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Stranger Than Fiction

Evermore

Evermore - Alyson Noel Evermore is stuck in a strange place for me. While not the worst start to a series I've read, it's far from the best. Very far. Ever and Damen aren't the worst characters I've read in a cesspool of YA Lit,
things could have been handled so much better. Evermore had me believing most of the time if you weren't Ever, you were pretty much the most forgettable character in existence, only serving purpose to move the plot forward when the story deemed it necessary. That's the problem with Evermore though, it's mostly forgettable. Nothing really stood out as ground breaking or noteworthy or brought anything new to the genre. The only way I feel like I could review this book is if I broke it down into parts; the plot, the heroine, the hero, the villain, the side characters, because talking about this book as a whole would leave for a very short review.

The Plot:
After an accident takes her family, Ever develops powers that allow her to see a person's aura and make her psychic. Avoiding contact with people in her life in order to control her powers, have left her with the title of 'Freak' among her peers but that changes once she meets Damen Auguste. Honestly, the plot to Evermore is so shallow; Girl has troubled past and meets boy who soothes her soul. Forces try to keep them apart and they win with the powers of true love that transcends time and space. There's minimal character interaction and development that makes the reader wonder if it's really worth reading. We get pages, chapters even, of info dumps that make me wonder if this series should have really been stretched into 6 books. Needless to say, we're given vague answers to big questions or sometimes no answers at all. At the root of it, Evermore echo's the teachings of Twilight and every series similar in the genre; in order for a woman to be happy, all she needs is a sexy, rich man. A man who gives her space and understands her temperamental mood swings because if she says 'NO', she's just having a bad day, needs space and that 'NO' will eventually turn into a yes once she's come around.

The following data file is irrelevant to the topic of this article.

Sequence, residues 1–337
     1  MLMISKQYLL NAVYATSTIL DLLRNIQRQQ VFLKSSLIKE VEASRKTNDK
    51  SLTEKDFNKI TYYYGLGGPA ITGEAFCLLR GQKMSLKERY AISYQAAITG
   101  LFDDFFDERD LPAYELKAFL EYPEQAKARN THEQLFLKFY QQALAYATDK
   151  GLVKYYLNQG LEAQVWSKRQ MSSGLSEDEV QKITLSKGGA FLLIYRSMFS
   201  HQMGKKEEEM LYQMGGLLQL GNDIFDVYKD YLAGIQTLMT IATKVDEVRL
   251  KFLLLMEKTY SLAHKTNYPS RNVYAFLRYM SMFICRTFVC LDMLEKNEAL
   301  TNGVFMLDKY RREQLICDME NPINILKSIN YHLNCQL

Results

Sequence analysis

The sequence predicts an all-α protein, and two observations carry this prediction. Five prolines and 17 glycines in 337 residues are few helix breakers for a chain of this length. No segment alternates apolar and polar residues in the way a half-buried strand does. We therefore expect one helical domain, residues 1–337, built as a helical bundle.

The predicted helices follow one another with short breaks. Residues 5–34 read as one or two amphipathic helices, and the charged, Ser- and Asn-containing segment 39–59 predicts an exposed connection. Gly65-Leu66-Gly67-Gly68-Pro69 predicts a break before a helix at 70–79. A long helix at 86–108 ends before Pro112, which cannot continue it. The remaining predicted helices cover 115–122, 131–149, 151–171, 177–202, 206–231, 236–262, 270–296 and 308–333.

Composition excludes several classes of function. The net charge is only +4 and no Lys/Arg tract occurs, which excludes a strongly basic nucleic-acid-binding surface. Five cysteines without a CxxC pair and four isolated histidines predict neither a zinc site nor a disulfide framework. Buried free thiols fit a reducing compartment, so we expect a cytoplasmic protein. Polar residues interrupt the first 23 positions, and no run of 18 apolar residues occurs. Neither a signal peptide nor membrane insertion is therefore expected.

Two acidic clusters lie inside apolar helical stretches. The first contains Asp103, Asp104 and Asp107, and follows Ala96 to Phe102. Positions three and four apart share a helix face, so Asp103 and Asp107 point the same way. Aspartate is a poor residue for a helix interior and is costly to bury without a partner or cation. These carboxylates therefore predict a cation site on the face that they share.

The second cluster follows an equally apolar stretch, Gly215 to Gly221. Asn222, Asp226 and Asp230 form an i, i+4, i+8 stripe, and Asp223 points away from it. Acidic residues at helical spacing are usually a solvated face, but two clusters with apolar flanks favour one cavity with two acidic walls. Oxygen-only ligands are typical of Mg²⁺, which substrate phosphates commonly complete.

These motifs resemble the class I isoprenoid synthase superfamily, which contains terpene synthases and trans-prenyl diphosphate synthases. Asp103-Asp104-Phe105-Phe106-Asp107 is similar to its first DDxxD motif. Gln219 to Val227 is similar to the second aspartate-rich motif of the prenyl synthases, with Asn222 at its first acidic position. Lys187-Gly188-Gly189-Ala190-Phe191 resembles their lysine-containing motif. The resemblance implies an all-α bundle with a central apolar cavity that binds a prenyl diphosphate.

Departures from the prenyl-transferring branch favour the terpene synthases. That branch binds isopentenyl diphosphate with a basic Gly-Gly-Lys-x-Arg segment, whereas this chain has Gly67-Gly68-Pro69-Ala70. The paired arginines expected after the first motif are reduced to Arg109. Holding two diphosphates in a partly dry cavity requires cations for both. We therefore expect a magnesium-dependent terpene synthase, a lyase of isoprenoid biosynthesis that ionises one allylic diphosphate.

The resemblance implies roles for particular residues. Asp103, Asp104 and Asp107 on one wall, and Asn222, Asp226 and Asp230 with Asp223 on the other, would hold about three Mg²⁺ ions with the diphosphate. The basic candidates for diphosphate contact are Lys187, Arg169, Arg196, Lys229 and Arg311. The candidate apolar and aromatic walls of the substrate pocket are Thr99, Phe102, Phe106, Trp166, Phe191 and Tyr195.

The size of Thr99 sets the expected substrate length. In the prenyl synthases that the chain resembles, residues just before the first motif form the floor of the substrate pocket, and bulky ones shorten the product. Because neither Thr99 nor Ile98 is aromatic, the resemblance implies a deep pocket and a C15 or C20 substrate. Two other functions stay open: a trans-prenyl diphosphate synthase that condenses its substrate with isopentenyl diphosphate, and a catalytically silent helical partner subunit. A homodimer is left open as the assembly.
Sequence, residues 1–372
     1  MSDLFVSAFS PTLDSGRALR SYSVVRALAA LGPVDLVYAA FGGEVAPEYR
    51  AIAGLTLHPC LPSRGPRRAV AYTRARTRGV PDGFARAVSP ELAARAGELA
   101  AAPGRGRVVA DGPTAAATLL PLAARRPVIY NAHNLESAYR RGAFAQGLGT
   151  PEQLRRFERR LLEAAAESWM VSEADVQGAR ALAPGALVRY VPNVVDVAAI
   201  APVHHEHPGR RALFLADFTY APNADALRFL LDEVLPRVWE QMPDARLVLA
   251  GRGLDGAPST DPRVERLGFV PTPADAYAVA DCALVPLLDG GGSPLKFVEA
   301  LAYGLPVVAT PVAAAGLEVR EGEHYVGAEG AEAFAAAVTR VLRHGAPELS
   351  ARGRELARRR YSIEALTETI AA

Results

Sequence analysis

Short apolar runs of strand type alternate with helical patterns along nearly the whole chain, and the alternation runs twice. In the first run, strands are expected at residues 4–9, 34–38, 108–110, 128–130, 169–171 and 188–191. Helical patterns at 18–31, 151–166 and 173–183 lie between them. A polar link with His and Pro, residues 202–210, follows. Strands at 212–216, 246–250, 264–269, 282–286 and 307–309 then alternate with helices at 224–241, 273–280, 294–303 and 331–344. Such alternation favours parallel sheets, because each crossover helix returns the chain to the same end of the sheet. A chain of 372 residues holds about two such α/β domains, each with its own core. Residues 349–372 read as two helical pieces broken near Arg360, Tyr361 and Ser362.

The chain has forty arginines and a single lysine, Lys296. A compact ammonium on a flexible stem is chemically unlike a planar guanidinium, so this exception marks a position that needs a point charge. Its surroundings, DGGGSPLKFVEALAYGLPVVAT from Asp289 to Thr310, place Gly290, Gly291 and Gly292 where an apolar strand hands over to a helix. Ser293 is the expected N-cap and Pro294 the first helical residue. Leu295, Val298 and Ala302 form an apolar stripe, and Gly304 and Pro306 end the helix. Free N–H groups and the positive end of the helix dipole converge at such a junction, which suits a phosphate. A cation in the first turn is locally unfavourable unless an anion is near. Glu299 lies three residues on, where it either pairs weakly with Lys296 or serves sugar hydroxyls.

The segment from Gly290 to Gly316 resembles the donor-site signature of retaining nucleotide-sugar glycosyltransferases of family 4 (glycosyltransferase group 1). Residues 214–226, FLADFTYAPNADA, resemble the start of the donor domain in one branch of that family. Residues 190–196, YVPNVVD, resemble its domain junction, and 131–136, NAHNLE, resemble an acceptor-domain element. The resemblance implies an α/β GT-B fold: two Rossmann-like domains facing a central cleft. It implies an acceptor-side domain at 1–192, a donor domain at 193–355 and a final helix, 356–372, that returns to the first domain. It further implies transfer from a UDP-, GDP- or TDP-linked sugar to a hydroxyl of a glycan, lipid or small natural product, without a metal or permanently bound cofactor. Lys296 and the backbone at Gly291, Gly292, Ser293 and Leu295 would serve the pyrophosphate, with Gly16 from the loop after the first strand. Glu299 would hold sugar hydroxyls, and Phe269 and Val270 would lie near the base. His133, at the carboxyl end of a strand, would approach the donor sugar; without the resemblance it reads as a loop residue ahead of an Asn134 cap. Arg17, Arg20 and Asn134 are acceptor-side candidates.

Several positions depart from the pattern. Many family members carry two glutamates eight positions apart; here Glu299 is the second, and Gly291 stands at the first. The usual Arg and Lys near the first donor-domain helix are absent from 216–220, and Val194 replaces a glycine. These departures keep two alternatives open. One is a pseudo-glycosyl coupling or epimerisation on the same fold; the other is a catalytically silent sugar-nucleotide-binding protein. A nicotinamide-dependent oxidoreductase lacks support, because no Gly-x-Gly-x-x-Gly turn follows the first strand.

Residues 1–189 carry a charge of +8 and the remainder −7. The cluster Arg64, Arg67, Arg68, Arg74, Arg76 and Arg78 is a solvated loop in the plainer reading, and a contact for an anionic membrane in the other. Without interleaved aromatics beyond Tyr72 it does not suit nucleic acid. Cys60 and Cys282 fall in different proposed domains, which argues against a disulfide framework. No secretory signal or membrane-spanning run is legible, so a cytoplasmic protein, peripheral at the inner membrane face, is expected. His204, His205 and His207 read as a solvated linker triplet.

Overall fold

The Heroine:
Ever Bloom is like every other heroine in Ya Paranormal Romance released between 2005 and 2010. She's plain, ordinary, doesn't have any talents beyond her psychic ability but can accessorize a large hoodie with an ipod like nobodies business and loves the classics. Once popular, Ever prefers the way of the freak since the death of her parents and younger sister in an accident that should have killed her as well, the events giving her something akin to PTSD but the author wrote it more as teen angst than anything else. What bothers me most about Ever is that she spends more time wallowing in how she thinks of herself as a 'freak' with her new found powers than she does mourning the loss of her parents. The other students hate her, she feels like a burden on her aunt and she barely understands her friends. While she misses her family, she makes it clear that the worst thing to come from the accident are her powers. Her whole characterization, wardrobe included, is designed to keep others away so she doesn't have to get intimate, having the chance to 'read' them through touch. It's bad enough she has to read their minds and they all think so poorly of her anyways. Ever constantly brings up the fact that she could have EASILY been one of the popular crowd, I guess she misses the life style of being top of the food chain at school with the amount of times it's brought up. Her relationship with Damen ranges from 'not at all' to 'barely there' and when the two go out, she considers him an adequate fill for 'boyfriend'. Once he leaves she realizes that she knows nothing about him, a fact that pleases her because she can't read him at all but leaves her unsatisfied because he'll exit her life for days at a time with no explanation.